Ira Forman, the Obama administration’s special envoy on anti-Semitism, disputed claims by Russian President Vladimir Putin that Ukrainian revolutionaries were spreading hatred of Jews.
In an interview published Thursday in the Jewish Daily Forward, Forman said Putin’s assertions were not credible.
“We have no indication that what President Putin has been saying about anti-Semitism has been a true reflection of what’s happening on the ground,” he said.
On March 3, Putin said at a news conference outside Moscow, “What is our biggest concern? We see the rampage of reactionary forces, nationalist and anti-Semitic forces going on in certain parts of Ukraine, including Kiev.”
Putin was referring to the ouster of Ukrainian President Viktor Yanukovych, who fled Kiev in late February following months of violent protests that began as demonstrations over his perceived pro-Russian foreign policy. Activists from the ultranationalist and xenophobic Svoboda party and the Right Sector movement had a prominent role in the revolution.
Two Jewish men were assaulted by street gangs and a synagogue was torched during the unrest, but Ukrainian Jewish leaders said the political affiliation of the perpetrators was unclear and that the instability did not result in any proliferation of anti-Semitic acts.
In the past, Svoboda members and its leader, Oleh Tyahnyabok, have made anti-Semitic statements. The party also maintained that the correct Ukrainian word for Jew was “Zhyd,” a term deemed derogatory by Ukrainian Jewish leaders. Tyahnyabok urged Ukrainians during a 2004 speech to fight the “Muscovite-Jewish mafia.”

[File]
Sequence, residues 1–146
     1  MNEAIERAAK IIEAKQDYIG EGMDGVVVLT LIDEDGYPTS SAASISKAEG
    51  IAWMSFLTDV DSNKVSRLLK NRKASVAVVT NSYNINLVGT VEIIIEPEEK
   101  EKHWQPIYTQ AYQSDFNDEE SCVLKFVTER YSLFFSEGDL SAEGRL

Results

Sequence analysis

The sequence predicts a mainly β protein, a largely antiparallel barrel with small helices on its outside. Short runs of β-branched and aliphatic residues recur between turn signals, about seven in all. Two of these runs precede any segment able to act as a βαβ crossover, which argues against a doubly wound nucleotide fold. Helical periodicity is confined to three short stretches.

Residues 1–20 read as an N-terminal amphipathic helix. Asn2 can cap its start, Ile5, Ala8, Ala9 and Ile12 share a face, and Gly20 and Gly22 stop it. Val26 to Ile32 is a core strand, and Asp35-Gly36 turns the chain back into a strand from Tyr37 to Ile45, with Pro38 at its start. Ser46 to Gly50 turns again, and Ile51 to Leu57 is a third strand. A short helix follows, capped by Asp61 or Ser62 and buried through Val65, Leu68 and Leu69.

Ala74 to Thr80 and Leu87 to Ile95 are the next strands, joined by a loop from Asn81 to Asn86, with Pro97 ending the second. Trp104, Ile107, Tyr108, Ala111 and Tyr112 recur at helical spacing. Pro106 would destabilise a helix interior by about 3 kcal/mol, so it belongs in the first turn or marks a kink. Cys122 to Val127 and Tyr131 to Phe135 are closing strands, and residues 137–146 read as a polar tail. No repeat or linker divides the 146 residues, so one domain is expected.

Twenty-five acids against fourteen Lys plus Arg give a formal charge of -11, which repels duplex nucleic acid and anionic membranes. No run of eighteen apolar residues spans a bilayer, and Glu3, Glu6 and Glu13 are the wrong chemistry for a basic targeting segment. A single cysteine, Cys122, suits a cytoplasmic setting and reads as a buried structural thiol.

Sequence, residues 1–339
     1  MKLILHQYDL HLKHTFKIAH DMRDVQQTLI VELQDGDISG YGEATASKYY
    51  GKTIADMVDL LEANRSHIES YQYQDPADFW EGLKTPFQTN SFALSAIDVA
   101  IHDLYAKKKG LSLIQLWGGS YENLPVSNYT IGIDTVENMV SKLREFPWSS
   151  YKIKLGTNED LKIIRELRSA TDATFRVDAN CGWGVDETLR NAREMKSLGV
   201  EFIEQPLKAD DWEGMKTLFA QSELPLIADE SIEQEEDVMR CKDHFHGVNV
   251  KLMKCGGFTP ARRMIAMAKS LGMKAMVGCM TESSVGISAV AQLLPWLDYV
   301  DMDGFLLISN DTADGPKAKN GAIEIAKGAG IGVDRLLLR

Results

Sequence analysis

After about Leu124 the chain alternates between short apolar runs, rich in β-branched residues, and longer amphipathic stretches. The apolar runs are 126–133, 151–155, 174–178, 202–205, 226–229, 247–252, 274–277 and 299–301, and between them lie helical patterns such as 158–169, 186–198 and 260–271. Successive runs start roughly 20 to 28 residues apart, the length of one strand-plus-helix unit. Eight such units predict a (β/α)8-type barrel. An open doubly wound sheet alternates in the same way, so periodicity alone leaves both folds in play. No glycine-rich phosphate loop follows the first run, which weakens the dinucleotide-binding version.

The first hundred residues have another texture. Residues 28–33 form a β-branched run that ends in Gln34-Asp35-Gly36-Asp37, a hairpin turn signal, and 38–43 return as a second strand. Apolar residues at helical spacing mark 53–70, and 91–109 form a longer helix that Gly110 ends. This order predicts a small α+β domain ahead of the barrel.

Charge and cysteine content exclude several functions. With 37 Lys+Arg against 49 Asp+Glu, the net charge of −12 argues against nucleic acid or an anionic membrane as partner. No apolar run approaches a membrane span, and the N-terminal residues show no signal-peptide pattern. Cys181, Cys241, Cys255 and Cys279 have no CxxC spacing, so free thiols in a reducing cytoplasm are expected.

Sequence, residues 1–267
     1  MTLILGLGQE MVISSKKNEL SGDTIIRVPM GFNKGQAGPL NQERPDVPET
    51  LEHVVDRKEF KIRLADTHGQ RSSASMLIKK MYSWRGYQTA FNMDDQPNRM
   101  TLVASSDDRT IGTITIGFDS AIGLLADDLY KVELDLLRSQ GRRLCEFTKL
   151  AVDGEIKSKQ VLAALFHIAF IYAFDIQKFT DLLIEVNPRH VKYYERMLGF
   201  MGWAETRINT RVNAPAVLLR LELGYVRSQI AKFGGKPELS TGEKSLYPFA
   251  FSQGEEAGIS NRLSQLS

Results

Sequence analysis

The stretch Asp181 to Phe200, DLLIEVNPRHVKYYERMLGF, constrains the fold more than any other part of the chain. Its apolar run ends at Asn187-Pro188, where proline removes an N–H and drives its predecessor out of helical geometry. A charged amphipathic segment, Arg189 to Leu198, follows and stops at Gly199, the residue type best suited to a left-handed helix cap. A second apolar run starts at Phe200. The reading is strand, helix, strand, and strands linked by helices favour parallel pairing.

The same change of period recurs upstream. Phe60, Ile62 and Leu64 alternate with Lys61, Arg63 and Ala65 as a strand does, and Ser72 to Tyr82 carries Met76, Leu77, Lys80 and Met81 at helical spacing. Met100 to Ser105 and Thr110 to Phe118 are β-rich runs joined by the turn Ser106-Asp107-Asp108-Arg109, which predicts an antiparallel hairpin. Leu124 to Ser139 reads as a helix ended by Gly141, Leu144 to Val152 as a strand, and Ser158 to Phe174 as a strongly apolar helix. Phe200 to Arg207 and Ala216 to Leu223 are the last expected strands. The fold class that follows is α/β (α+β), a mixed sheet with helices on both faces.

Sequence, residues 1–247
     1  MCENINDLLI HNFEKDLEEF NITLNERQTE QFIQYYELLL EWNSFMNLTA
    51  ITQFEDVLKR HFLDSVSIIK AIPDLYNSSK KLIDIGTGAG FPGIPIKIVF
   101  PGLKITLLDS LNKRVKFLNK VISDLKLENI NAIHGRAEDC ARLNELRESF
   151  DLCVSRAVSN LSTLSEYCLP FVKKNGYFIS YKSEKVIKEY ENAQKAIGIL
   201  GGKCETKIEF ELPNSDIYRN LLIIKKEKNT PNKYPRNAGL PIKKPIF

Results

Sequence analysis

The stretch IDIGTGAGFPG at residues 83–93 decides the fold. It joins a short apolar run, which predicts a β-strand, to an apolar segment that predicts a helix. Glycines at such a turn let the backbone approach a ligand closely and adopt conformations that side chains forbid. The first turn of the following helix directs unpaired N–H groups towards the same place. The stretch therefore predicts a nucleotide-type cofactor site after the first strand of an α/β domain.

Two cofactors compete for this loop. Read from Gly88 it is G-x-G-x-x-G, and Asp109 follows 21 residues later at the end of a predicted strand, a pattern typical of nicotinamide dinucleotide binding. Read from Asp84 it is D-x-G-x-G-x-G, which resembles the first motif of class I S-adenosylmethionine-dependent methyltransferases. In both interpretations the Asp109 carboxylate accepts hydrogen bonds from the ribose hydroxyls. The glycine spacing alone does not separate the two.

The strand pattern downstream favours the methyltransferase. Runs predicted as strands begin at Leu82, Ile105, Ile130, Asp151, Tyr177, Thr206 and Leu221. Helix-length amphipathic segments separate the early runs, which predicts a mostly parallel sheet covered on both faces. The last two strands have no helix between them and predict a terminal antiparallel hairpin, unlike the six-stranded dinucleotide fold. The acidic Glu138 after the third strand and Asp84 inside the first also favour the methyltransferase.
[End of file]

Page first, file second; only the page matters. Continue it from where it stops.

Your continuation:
Svoboda also has glorified Stephan Bandera, a Ukrainian resistance fighter who during World War II partnered briefly with Nazi Germany against Russia before turning against the Germans. His troops were responsible for the murder of thousands of Jews, according to the Simon Wiesenthal Center.
On Thursday, Russia accused the West of condoning anti-Semitism after French Foreign Minister Laurent Fabius offered a defense of Svoboda.
“There are three [problematic] members of the Svoboda party, which is more right wing than the rest but the extreme right is not in the center of government,” Fabius said Tuesday in an interview for Inter Radio.
The Russian Foreign Ministry responded with a statement released on Thursday warning of ”a dangerous erosion of the policy of rejecting nationalism, xenophobia and anti-Semitism as displayed by Svoboda.
“We fail to understand the ease with which some of our Western partners change their attitudes in favor of fleeting geopolitical dividends,” the statement said.